The traditional symbol of Westphalia is the Westphalian Steed: a white horse on a red field. It is derived from the Saxon Steed in the coat of arms of the medieval Duchy of Saxony which most of today's Westphalia was part of. In official contexts the coat of arms of Westphalia is being used by the Westphalia-Lippe Regional Association, which represents these two historic parts of North Rhine-Westphalia.
In addition to these historic, lingual and religious aspects, there are some regional differences in culture and mentality. That is why many of the citizens of North Rhine-Westphalia rather see themselves either as "Rhinelanders", "Westphalians" or "Lippers" rather than as "North Rhine-Westphalians".
Around 1 A.D. there were numerous incursions through Westphalia and perhaps even some permanent Roman or Romanized settlements. The Battle of the Teutoburg Forest took place near Osnabrück, which at this time was a place of settlement of the Westphalians, who were a part of the Germanic tribe of the Saxons. Some of the tribes who fought at this battle came from the area of Westphalia.
Charlemagne is thought to have spent considerable time in Paderborn and nearby parts. His Saxon Wars also partly took place in what is thought of as Westphalia today. Popular legends link his adversary Widukind to places near Detmold, Bielefeld, Lemgo, Osnabrück and other places in Westphalia. Widukind was buried in Enger, which is also a subject of a legend.
As a result of the Protestant Reformation, there was no dominant religion in Westphalia. Roman Catholicism and Lutheranism were on a relatively equal footing. Lutheranism was strong in the eastern and northern parts with numerous free churches. Münster and especially Paderborn were considered to be Catholic. Osnabrück was divided almost equally between Catholicism and Protestantism.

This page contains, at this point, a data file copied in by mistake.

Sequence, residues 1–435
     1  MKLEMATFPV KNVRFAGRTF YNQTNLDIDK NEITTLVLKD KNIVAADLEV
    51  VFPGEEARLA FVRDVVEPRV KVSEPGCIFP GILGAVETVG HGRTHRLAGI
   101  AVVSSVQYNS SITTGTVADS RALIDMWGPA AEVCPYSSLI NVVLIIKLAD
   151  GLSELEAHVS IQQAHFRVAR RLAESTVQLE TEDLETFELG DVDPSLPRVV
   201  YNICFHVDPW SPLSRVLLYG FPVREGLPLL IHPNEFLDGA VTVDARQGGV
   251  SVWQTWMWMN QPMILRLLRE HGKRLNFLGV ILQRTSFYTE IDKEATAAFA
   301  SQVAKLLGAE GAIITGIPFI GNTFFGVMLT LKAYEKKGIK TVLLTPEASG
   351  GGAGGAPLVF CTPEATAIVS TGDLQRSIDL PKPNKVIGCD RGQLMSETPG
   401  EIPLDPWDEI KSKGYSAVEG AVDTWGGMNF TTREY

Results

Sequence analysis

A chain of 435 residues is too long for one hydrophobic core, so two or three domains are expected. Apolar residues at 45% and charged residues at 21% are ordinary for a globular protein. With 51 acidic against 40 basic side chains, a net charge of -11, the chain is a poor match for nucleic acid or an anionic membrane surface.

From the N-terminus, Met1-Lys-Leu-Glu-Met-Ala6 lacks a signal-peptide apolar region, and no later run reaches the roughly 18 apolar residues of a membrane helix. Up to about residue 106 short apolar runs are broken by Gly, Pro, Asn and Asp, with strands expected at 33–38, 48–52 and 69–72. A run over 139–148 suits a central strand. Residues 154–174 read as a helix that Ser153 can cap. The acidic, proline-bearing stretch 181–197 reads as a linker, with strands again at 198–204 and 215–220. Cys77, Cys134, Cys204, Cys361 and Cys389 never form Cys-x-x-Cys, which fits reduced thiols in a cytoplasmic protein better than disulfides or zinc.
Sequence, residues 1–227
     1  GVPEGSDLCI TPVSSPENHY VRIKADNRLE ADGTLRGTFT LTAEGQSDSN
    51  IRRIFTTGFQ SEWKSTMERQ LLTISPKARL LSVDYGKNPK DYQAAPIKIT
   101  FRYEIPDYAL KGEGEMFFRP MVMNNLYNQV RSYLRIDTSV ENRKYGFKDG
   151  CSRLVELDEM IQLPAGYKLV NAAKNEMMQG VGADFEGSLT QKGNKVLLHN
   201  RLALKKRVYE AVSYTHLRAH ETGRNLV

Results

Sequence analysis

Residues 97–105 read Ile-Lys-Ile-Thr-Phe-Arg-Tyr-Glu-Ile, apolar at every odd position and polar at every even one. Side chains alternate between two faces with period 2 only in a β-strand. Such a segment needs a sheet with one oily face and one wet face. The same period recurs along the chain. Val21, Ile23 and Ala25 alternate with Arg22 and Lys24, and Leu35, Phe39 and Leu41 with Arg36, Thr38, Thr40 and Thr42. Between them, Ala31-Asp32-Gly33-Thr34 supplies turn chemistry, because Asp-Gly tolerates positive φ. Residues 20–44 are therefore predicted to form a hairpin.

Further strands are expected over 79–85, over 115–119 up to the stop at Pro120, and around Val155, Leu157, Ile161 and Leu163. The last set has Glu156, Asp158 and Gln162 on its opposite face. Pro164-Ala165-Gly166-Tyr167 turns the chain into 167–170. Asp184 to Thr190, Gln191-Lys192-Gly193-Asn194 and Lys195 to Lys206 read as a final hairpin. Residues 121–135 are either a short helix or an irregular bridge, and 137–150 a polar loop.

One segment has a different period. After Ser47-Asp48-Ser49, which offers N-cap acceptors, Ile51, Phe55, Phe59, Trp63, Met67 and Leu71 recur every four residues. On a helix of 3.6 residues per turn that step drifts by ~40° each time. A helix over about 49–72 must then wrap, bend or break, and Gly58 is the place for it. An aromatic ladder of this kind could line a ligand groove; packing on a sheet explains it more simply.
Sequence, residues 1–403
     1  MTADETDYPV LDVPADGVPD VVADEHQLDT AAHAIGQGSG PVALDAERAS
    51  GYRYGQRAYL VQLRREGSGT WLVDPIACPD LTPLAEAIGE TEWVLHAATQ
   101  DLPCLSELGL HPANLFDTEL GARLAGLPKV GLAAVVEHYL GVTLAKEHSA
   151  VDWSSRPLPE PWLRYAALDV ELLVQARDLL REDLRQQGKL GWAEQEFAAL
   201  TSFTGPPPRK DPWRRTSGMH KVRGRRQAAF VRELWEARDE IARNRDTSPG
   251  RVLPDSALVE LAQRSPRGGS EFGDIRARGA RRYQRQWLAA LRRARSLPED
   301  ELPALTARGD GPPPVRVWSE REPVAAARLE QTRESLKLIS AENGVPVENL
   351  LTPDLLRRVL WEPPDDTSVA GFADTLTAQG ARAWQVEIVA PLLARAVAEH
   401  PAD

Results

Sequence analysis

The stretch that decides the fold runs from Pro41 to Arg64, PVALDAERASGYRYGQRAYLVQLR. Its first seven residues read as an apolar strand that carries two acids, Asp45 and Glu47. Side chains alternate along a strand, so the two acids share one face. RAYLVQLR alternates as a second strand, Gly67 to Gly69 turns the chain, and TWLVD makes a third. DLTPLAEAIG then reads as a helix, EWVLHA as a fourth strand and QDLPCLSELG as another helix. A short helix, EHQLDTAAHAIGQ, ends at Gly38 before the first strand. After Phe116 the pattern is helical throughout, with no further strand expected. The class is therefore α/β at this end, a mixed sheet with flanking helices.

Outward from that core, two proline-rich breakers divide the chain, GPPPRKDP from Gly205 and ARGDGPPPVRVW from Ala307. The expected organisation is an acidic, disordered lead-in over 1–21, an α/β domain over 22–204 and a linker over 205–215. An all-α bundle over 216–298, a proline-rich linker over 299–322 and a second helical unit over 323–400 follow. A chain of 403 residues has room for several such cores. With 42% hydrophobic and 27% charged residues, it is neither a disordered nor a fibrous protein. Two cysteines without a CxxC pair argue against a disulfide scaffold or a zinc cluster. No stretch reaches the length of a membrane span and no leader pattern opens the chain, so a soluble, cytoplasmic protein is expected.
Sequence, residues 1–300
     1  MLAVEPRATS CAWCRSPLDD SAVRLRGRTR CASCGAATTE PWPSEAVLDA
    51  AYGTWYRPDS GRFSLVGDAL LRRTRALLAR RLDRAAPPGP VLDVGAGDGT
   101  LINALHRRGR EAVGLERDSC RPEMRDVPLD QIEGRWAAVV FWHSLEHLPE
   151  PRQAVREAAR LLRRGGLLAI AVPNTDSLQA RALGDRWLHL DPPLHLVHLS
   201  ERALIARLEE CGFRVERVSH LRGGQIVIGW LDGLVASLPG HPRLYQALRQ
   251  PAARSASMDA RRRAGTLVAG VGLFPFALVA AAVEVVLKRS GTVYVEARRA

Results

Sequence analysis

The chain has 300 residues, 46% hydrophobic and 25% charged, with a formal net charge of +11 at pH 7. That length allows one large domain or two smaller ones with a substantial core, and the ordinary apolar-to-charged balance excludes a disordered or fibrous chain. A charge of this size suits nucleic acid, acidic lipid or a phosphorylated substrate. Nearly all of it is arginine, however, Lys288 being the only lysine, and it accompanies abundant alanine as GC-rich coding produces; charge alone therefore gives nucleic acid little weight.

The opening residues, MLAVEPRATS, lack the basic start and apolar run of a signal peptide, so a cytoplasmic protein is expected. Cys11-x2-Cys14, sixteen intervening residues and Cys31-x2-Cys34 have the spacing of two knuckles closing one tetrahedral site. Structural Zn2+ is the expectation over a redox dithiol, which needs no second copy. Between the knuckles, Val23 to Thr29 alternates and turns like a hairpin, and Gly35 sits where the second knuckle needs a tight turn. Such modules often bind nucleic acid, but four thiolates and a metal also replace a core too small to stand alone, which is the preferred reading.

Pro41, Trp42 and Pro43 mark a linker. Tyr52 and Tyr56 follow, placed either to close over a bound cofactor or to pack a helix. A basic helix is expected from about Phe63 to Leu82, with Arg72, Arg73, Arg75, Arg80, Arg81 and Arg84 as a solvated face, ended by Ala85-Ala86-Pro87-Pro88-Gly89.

Prussian Westphalia edged in red, the Kingdom of Westphalia edged in green with the territorial overlap of former Minden-Ravensberg, pasted over today's borders with North Rhine-Westphalia in dark grey.
After World War II in 1946, the present state of North Rhine-Westphalia was created by the British military government from the former Prussian Province of Westphalia and the northern half of the former Prussian Rhine Province. The old governmental districts of 1816 stayed in place. When in 1947 the former Free State of Lippe with its capital Detmold joined North Rhine-Westphalia, the "Governmental District of Minden" was enlarged by this territory and renamed "Governmental District of Detmold". In total, North Rhine-Westphalia is subdivided into five governmental districts (Regierungsbezirke). Westphalia today consists of the old governmental districts of Arnsberg and Münster and of Detmold except of the District of Lippe which is a separate historical region and state part of North Rhine-Westphalia. Inhabitants of the region call themselves Westphalians and their home region Westphalia even though there is no administrative division by that name.